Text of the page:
Cover image for Shakespeare and race
Title:
Shakespeare and race
Author:
Alexander, Catherine M. S.
Publication Information:
New York : Cambridge University Press, 2000.
Physical Description:
ix, 233 pages : illustrations ; 24 cm
Language:
English
Contents:
Surveying 'race' in Shakespeare / Margo Hendricks -- A portrait of a Moor / Bernard Harris -- Elizabethans and foreigners / G.K. Hunter -- 'Spanish' Othello: the making of Shakespeare's Moor / Barbara Everett -- Shakespeare and the living dramatist / Wole Soyinka -- Shakespeare in the trenches / Balz Engler -- Bowdler and Britannia: Shakespeare and the national libido / Michael Dobson -- 'Shakespur and the Jewbill' / James Shapiro -- Wilhelm S and Shylock / Laurence Lerner -- Cruelty, King Lear and the South African Land Act 1913 / Martin Orkin -- Caliban and Ariel write back / Jonathan Bate -- Casting Black actors: beyond Othellophilia / Celia R. Daileader -- 'Delicious traffick': racial and religious difference on early modern stages / Ania Loomba.
ISBN:
9780521770460

9780521779388
Format :
Book

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PR3069.R33 S5 2000 Adult Non-Fiction Non-Fiction Area
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Summary

Summary

This volume, first published in 2000, draws together thirteen important essays on the concept of race in Shakespeare's drama. The authors, who themselves reflect racial and geographical diversity, explore issues of ethnography, politics, religion, identity, nationalism, and the distribution of power in Shakespeare's plays. The authors write from a variety of perspectives, drawing on Elizabethan and Jacobean historical studies and critical theory. They attend to performances of the plays in different ages and places, as well as to the text. An introductory essay sets the context for the ensuing chapters, which reflect shifts in scholarship over the last forty years. Most are reprinted from volumes of Shakespeare Survey. They tackle the ethnic implications of Shakespearean drama in South Africa, the Caribbean, Germany and the Arab world as well as England. A broad range of plays and poems is included, while particular essays focus on Othello, The Merchant of Venice and The Tempest.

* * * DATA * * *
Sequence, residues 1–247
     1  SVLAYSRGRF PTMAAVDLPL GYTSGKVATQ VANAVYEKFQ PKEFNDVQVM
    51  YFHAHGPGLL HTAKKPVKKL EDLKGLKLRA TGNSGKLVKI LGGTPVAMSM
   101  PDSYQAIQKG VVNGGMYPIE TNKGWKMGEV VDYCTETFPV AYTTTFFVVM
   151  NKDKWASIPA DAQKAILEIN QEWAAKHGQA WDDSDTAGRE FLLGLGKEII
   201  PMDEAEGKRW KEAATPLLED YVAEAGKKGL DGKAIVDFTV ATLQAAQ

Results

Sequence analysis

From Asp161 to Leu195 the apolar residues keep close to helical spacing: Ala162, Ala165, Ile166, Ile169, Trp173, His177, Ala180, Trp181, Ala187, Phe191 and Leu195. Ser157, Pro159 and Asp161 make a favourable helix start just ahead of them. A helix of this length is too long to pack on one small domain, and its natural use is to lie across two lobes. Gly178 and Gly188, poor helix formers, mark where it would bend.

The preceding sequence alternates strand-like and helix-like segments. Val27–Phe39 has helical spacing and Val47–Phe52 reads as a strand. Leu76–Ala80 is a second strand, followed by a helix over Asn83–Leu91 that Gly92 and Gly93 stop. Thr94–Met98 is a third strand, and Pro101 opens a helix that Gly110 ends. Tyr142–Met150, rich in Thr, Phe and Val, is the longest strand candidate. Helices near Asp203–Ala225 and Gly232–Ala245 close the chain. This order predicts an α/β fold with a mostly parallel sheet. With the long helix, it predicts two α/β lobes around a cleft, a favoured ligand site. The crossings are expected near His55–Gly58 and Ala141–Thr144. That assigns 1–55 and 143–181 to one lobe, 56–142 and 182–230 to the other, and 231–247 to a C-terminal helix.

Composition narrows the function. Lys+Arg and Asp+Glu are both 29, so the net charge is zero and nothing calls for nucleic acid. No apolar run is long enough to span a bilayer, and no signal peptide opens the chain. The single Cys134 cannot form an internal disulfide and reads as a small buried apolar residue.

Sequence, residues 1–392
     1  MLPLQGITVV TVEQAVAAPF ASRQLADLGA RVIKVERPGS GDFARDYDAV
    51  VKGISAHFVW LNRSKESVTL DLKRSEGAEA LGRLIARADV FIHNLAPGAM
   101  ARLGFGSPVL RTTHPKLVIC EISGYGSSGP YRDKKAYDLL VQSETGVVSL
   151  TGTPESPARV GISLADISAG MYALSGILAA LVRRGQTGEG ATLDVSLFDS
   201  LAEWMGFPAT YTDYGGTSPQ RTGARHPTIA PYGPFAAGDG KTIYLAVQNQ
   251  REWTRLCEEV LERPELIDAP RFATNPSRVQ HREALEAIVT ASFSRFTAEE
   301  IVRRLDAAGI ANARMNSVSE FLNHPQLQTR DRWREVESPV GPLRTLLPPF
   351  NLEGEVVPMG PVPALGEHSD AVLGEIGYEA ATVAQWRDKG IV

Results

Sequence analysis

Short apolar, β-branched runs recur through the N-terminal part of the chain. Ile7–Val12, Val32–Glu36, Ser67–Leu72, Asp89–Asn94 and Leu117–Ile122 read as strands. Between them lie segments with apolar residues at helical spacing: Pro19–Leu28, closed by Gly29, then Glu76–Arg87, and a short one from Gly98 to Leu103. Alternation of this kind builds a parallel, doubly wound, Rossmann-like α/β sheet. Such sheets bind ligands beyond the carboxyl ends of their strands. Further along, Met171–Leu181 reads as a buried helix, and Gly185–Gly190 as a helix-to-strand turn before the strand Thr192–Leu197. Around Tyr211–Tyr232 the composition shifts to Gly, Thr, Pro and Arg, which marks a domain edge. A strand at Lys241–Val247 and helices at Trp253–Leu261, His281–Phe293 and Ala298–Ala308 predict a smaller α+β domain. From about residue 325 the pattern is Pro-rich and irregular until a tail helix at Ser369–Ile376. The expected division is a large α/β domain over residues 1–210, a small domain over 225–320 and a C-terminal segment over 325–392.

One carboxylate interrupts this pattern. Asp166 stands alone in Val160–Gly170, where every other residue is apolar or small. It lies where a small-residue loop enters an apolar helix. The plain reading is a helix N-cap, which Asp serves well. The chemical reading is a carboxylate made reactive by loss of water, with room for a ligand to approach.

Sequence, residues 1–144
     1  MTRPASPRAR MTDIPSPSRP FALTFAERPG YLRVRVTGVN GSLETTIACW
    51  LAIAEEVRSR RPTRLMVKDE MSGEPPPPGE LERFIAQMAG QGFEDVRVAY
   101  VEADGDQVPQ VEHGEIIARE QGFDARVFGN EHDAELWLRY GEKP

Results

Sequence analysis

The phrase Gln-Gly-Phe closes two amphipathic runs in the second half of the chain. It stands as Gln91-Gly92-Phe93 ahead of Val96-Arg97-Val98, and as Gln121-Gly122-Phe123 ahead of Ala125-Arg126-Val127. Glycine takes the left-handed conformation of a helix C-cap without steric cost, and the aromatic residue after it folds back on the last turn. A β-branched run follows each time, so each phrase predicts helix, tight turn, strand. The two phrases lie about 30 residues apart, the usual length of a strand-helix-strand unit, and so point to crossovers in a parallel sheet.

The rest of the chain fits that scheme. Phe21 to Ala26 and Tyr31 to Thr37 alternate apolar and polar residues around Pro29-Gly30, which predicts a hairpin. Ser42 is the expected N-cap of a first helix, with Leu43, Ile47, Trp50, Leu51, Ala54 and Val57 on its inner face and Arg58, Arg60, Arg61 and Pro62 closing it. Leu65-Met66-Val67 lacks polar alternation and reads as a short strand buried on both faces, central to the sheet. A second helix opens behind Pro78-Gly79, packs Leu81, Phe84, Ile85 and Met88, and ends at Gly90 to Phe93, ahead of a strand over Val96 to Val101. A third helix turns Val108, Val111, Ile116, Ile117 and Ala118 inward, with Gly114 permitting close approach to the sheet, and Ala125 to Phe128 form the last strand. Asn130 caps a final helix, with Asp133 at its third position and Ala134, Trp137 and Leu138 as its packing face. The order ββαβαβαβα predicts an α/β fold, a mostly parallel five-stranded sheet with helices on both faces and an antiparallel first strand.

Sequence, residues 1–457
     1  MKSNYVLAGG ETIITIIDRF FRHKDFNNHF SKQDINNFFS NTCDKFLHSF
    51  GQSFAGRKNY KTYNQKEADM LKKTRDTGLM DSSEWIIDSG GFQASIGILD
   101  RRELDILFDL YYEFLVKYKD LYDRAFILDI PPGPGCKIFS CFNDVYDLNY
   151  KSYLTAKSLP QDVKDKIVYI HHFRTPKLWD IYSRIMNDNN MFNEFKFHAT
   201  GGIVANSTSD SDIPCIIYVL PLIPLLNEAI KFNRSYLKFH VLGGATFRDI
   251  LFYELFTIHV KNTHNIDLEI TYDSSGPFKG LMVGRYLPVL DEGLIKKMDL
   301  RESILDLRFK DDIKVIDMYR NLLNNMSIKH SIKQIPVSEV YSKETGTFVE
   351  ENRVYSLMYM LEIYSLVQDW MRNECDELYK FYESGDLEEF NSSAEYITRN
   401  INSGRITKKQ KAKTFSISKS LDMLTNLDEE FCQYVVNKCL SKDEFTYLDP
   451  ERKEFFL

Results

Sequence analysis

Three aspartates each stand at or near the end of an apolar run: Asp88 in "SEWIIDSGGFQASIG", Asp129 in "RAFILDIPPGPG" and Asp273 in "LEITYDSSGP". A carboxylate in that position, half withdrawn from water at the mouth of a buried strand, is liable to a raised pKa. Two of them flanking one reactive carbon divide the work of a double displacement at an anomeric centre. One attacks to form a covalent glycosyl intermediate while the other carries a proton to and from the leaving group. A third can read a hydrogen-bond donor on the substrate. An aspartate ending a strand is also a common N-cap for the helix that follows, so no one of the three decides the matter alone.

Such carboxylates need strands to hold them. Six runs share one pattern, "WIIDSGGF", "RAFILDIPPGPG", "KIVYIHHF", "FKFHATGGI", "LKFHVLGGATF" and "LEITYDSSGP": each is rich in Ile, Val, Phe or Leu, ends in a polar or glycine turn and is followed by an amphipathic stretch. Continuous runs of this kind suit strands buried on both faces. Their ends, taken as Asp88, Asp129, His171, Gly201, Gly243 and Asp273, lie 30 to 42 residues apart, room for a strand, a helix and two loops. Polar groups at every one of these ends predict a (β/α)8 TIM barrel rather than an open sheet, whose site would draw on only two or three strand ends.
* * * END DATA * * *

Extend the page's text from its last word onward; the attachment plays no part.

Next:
Reviews 1

Choice Review

Reprinted from Shakespeare Survey, these essays are presented chronologically (1958-99) for the most part, to demonstrate the persistence of critical interest in Shakespeare's treatment of racial issues. The earliest studies, by Bernard Harris and G.K. Hunter, include a portrait of the Moorish ambassador to Elizabeth's court and provide historical accounts of England's racialized conceptions of Moors, Jews, Turks, Spaniards, Catholics, and "others." The contributors explore this Elizabethan context in essays examining Othello, Shylock, Caliban, and other foreign characters. Other essays point to Shakespeare's 18th-century revival: in England, his works were purged of "foreign" sexualities, considered ill-suited to a national icon. In the same period, the grotesque image of Shylock was invoked as political propaganda against English Jews, an image subsequently embraced by Nazis and acclaimed by modern Arabic writers. The most recent essays link early modern racial politics with "recent developments in global relations" and comment on the difficulties inherent in casting black actors in roles other than Othello. With illustrations and an introduction by Margo Hendricks (Univ. of California, Santa Cruz), this collection provides an interesting view of the issue over time and should interest students at all levels. F. K. Barasch emerita, Bernard M. Baruch College, CUNY


Table of Contents

1 Surveying `race¿ inShakespeare Margo Hendricks
2 A portrait of a MoorBernard Harris
3 Elizabethans and foreignersG. K. Hunter
4 `Spanish¿ Othello: the making ofShakespeare¿s Moor Barbara Everett
5 Shakespeare and the living dramatistWole Soyinka
6 Shakespeare in the trenchesBalz Engler
7 Bowdler and BritanniaMichael Dobson
8 Shakespur and theJewbill James Shapiro
9Wilhelm S and Shylock Laurence Lerner
10 Cruelty, King Lear and the South Africa Land Act 1913Martin Orkin
11 Caliban and Ariel write backJonathan Bate
12 Shakespeare and OthellophiliaCelia Daileader
13 `Delicious Traffick¿: Racial and religious difference on early modern stagesAnia Loomba